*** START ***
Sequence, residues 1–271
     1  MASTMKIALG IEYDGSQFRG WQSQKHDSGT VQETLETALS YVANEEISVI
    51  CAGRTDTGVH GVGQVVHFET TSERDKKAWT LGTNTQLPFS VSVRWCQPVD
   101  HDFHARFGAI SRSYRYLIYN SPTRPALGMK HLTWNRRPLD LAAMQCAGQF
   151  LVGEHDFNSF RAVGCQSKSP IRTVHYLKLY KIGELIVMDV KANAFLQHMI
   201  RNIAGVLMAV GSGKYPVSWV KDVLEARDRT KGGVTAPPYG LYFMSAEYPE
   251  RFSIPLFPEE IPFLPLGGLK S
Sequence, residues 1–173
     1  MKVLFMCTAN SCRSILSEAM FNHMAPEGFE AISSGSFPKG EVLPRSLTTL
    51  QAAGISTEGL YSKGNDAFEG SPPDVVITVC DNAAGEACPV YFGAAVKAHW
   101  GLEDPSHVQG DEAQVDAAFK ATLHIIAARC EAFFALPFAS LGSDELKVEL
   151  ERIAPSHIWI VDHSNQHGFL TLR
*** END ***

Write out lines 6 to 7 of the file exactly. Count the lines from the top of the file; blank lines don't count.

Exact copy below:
   201  RNIAGVLMAV GSGKYPVSWV KDVLEARDRT KGGVTAPPYG LYFMSAEYPE
   251  RFSIPLFPEE IPFLPLGGLK S